American Trucking Associations’ advanced seasonally adjusted (SA) For-Hire Truck Tonnage Index increased 8.7% in June after falling 1% in May. In June, the index equaled 115.3 (2015=100) compared with 106.1 in May.
“Not surprisingly, as more states lifted restrictions in June, truck tonnage was robust,” said ATA Chief Economist Bob Costello. “While the gain in June was the single best month since January 2013, the solid gain was not enough to put tonnage back to pre-pandemic levels, but it is close. I am hearing good anecdotal freight reports for July, but I am concerned that freight could slow as more states reinstate restrictions due to increasing Coronavirus cases.”
May’s drop was unrevised at -1% from our June 23 press release.
Compared with June 2019, the SA index contracted 1.3%, the third straight year-over-year decline, but the smallest over that period. Year-to-date, compared with the same period in 2019, tonnage is down 2.4%.
The not seasonally adjusted index, which represents the change in tonnage actually hauled by the fleets before any seasonal adjustment, equaled 115.5 in June, 5.2% above the May level (109.8). In calculating the index, 100 represents 2015. ATA’s For-Hire Truck Tonnage Index is dominated by contract freight as opposed to spot market freight.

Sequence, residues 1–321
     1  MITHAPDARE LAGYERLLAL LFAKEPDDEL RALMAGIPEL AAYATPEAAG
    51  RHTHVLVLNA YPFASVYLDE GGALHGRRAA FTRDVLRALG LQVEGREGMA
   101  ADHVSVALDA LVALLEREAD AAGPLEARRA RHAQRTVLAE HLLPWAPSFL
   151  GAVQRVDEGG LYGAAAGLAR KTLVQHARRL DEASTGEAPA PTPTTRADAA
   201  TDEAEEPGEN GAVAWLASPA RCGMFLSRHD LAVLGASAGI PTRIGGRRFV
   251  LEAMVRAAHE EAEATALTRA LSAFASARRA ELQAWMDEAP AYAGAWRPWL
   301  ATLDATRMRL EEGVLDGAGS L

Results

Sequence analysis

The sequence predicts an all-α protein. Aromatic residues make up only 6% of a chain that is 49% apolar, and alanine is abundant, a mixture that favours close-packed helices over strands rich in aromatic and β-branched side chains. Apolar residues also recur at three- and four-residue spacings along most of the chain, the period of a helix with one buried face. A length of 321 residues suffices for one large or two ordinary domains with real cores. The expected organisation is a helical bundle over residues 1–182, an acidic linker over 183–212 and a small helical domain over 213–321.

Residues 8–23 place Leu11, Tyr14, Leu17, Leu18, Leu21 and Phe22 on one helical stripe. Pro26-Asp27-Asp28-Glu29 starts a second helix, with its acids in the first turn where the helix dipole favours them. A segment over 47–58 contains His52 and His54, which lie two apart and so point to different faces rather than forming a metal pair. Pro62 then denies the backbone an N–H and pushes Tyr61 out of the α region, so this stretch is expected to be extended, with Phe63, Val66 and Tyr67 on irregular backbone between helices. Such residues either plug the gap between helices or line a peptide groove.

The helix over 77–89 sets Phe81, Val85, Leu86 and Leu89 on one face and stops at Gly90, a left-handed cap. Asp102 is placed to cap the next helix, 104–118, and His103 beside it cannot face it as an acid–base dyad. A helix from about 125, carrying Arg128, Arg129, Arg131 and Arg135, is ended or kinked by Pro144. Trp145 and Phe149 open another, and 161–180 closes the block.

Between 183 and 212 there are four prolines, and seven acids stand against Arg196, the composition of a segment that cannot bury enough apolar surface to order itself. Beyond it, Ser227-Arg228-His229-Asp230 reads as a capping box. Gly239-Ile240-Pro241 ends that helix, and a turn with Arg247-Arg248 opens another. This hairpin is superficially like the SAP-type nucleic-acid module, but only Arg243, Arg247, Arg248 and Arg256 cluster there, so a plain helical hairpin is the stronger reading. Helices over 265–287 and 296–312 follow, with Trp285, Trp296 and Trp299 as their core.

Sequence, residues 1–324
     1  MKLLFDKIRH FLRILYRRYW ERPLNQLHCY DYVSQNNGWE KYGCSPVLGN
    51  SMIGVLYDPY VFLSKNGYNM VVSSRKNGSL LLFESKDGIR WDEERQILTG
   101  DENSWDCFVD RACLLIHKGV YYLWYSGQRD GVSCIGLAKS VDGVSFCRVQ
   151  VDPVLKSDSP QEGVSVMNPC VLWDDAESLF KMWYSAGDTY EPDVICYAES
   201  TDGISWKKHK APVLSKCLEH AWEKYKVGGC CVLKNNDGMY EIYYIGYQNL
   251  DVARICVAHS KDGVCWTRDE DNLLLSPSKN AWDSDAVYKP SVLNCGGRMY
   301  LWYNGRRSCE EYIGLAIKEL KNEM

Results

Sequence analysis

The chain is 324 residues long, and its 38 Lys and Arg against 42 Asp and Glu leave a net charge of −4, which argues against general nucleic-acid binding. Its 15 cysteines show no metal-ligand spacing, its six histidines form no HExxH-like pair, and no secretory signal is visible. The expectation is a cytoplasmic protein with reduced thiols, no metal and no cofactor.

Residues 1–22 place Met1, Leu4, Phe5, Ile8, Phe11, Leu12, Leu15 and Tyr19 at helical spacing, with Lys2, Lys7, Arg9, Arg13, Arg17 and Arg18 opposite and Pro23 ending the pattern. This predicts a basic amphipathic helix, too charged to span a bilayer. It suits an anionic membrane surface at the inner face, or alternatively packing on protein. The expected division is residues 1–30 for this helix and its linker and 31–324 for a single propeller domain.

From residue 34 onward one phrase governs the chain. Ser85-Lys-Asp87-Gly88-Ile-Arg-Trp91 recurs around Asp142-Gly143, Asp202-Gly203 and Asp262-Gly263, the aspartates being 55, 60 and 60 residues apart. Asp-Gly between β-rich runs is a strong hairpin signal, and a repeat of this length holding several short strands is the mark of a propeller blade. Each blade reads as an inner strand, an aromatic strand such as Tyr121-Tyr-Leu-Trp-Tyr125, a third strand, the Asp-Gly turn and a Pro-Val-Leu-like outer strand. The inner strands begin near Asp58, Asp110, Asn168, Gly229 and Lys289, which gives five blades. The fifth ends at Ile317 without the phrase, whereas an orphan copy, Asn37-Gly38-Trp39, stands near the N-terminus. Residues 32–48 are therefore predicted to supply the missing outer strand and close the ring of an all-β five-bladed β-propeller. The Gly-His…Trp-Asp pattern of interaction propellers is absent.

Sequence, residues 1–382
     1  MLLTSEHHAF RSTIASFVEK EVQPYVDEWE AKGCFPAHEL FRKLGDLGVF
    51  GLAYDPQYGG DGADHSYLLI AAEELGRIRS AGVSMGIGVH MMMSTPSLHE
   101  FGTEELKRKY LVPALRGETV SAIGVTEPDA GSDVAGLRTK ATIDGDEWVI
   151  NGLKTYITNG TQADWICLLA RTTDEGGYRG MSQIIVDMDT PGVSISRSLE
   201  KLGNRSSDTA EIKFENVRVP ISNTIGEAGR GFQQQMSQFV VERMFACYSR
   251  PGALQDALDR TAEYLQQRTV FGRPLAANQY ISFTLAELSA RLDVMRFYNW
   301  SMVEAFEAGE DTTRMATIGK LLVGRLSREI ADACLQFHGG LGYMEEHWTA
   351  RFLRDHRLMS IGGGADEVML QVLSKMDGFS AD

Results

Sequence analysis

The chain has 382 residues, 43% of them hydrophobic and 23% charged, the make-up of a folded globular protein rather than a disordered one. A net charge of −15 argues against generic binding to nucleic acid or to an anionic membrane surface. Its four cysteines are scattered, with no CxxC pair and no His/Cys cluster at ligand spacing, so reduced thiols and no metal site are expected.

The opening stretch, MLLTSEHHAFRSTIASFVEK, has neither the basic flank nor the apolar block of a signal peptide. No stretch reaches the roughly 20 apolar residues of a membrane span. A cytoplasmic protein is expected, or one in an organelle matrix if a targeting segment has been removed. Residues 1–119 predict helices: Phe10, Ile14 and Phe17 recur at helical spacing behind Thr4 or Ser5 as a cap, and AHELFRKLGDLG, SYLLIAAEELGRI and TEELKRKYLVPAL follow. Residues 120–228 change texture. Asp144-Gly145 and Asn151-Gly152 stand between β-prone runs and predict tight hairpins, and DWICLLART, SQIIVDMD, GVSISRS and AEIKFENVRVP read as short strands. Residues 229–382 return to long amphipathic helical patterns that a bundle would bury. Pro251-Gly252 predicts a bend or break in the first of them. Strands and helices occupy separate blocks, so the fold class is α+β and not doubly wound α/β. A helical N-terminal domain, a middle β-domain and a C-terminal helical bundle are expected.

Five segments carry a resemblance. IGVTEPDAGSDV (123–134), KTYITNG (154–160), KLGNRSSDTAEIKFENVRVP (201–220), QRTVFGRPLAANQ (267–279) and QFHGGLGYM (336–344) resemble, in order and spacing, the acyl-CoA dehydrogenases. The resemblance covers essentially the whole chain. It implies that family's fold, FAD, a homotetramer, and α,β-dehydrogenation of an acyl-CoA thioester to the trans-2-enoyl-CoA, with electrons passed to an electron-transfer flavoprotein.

Trucking serves as a barometer of the U.S. economy, representing 72.5% of tonnage carried by all modes of domestic freight transportation, including manufactured and retail goods. Trucks hauled 11.84 billion tons of freight in 2019. Motor carriers collected $791.7 billion, or 80.4% of total revenue earned by all transport modes.
ATA calculates the tonnage index based on surveys from its membership and has been doing so since the 1970s. This is a preliminary figure and subject to change in the final report issued around the 5th day of each month. The report includes month-to-month and year-over-year results, relevant economic comparisons, and key financial indicators.